The real facts are simple. CDFA sprayed Monterey and Santa Cruz counties, and at least 643 people got sick. They reported their illnesses, although the state made no infrastructure available. The state only accepted health complaints on official EPA forms signed by a physician, but physicians were not trained to assess the toxic exposure associated with the spray. Anyone without insurance or access to a physician could not "officially" report health problems. Secretary Kawamura's assertion that there were no adverse reactions to the spray is an outrageous bureaucratic determination, not a true health assessment.
And that is only the beginning of the secretary's swift boating. He has the audacity to imply wide support for the spraying from environmental organizations. In fact, the Sierra Club is on record, along with 25 other health and environmental groups, opposing the aerial spraying.
Make no mistake about it, the chemical used last year, Checkmate, is a pesticide despite Secretary
1) The synthetic moth pheromone: not tested for long-term human exposure risk. The state's own health consensus document includes a disclaimer that it is based on studies that assume the pesticide will be sprayed over unpopulated agricultural areas.
2) The so-called inert ingredients (inert does not mean inactive, only that they do not target the pest): contain carcinogens, mutagens, reproductive effectors, liver toxins, skin irritants, and are unsafe to inhale.
3) The microscopic plastic capsules in which the pesticide is sprayed, which time-release over 30 days: Inhalation risk is unknown, but UC Davis scientists found some particles are small enough to be inhaled into the deep lung, where they cannot be expelled. It doesn't take a scientist to know that can't be good.
Secretary Kawamura focuses only on the LBAM aerial spraying, ignoring the program's other toxic and questionable practices, including requiring wholesale nurseries to use the organophosphate pesticide chlorpyrifos, employing state personnel to install traps and use pesticides in private yards that are toxic, especially to cats, honeybees, and the beneficial predators that naturally keep pests in the environment -- including LBAM -- in check.
Secretary Kawamura's fear-mongering comments that, if left unchecked, LBAM will destroy every green plant in the state and possibly the country is contradicted by facts: Even CDFA says there has been no crop damage attributable to LBAM in California. Professional biologists testify that LBAM is a minor pest in New Zealand, where it is also an introduced exotic species. New Zealand's biggest LBAM problems are from a U.S. Department of Agriculture (USDA) quarantine, not from actual damage. In addition, entomologists agree that LBAM has likely been in California for 10 years, so if there were going to be crop damage, wouldn't we have seen it by now?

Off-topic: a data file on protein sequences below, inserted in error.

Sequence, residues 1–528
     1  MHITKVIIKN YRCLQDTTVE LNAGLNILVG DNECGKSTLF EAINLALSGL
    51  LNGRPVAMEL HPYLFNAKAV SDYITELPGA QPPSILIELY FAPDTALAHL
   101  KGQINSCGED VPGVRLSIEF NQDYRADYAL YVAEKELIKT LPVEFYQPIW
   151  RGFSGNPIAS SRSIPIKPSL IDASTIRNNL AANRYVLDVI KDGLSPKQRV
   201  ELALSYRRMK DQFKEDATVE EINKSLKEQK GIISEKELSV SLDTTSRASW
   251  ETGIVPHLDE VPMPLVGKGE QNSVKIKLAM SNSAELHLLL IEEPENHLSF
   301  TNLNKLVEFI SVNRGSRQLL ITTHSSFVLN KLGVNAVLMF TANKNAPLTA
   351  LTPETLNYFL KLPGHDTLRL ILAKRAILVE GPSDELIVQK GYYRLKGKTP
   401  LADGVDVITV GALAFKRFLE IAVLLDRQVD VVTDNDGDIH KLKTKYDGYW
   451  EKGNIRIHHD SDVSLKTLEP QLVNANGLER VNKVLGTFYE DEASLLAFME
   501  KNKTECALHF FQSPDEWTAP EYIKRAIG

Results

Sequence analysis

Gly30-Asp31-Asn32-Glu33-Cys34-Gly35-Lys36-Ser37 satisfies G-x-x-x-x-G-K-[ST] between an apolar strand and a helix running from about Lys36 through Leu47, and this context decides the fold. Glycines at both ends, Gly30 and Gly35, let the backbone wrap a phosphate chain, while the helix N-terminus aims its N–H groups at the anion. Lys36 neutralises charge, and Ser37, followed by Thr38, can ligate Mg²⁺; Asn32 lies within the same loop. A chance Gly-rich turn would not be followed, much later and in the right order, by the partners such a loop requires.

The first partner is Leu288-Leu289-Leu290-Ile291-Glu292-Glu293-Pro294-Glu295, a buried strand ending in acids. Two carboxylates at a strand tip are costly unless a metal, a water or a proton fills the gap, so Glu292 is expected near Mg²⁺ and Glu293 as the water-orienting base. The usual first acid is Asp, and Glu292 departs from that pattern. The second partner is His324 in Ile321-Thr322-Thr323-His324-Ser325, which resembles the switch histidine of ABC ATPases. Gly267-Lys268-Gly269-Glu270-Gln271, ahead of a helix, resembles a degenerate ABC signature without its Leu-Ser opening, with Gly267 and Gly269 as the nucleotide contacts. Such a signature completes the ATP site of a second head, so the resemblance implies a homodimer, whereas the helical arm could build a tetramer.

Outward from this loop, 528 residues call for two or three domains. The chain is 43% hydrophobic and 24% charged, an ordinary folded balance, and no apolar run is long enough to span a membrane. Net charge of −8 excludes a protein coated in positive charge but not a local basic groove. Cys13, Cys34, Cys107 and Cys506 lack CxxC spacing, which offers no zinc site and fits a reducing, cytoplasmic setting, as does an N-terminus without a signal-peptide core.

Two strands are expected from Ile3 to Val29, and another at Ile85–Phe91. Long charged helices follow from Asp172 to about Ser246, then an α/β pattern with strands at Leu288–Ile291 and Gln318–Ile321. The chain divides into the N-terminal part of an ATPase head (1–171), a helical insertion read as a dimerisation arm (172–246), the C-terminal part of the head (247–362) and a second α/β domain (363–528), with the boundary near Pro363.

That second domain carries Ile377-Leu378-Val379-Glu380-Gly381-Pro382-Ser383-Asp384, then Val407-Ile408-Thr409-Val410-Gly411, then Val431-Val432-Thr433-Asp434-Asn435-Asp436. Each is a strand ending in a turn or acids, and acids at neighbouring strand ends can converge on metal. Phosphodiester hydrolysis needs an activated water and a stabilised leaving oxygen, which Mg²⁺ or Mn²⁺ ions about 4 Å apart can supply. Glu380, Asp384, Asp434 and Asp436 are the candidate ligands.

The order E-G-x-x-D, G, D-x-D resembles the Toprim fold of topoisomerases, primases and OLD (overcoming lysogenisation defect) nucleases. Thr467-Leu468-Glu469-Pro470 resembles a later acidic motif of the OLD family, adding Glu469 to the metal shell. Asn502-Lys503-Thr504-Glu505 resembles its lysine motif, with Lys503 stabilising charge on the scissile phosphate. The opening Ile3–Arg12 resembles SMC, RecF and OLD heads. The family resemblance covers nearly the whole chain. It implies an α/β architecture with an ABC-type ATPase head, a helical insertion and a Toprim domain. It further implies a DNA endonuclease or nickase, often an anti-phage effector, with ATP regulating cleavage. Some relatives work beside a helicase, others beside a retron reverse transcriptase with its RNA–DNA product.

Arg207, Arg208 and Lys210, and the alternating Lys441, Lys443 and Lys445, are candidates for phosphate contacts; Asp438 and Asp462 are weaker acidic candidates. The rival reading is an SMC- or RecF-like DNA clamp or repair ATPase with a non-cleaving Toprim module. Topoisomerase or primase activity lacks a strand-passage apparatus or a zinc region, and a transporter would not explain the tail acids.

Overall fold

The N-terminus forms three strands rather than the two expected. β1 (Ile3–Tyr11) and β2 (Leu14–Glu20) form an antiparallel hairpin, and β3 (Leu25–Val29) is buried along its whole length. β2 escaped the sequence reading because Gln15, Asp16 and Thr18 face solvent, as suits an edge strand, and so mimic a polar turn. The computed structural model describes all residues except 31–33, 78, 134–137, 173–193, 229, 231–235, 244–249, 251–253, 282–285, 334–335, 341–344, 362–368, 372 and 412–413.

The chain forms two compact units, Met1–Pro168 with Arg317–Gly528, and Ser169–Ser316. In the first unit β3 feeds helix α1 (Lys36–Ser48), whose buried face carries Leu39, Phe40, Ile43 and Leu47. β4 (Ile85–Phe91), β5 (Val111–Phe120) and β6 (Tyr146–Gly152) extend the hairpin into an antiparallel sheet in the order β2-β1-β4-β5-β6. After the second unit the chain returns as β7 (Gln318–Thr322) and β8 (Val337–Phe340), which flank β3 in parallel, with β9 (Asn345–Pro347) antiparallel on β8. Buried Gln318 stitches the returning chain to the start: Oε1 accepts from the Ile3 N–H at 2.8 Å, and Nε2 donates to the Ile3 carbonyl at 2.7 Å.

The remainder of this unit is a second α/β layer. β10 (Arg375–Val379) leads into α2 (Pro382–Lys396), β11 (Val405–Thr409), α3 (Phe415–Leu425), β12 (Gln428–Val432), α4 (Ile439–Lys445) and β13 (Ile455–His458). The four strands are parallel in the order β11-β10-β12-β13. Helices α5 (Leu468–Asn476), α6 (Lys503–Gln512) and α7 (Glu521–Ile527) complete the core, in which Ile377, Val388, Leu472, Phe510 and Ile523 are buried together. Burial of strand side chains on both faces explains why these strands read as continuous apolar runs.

So now we come to the Big Lie about the "pest that was never a pest." Decades ago, LBAM made it onto a USDA list of supposedly voracious invasive species. To date, I have been unable to find this original designation. The main goal was, I believe, to protect powerful U.S. agriculture interests from competition from crops from New Zealand and similar areas. As a result, today we have the "Light Brown Apple Moth Emergency."
Secretary Kawamura expresses concern that other states and countries might ban California produce because of LBAM -- even though those countries' quarantine restrictions were adopted to mimic that of the United States. Note that Europe does not quarantine for LBAM.
So the plot sickens. It's all about money. Big money. Rather than admit that LBAM is not the threat that's been claimed and request that LBAM's USDA classification be revised based on up-to-date science, Secretary Kawamura is willing to poison us and our environment. And to spend $500,000 on a public relations firm to help "sell" this charade to us.
I am ashamed of Secretary Kawamura's disgraceful public deception campaign to sell a hopeless, dangerous and likely unneeded "eradication" program to the people. He should immediately call an end to the plans to give us time to make rational decisions based on sustainable, Integrated Pest Management principles. Short of calling off the spray and undertaking sound pest management, he should resign.
Robert Lieber is mayor of Albany and a registered nurse. The Journal welcomes guest commentary submissions. E-mail email@example.com or call 510-262-2724.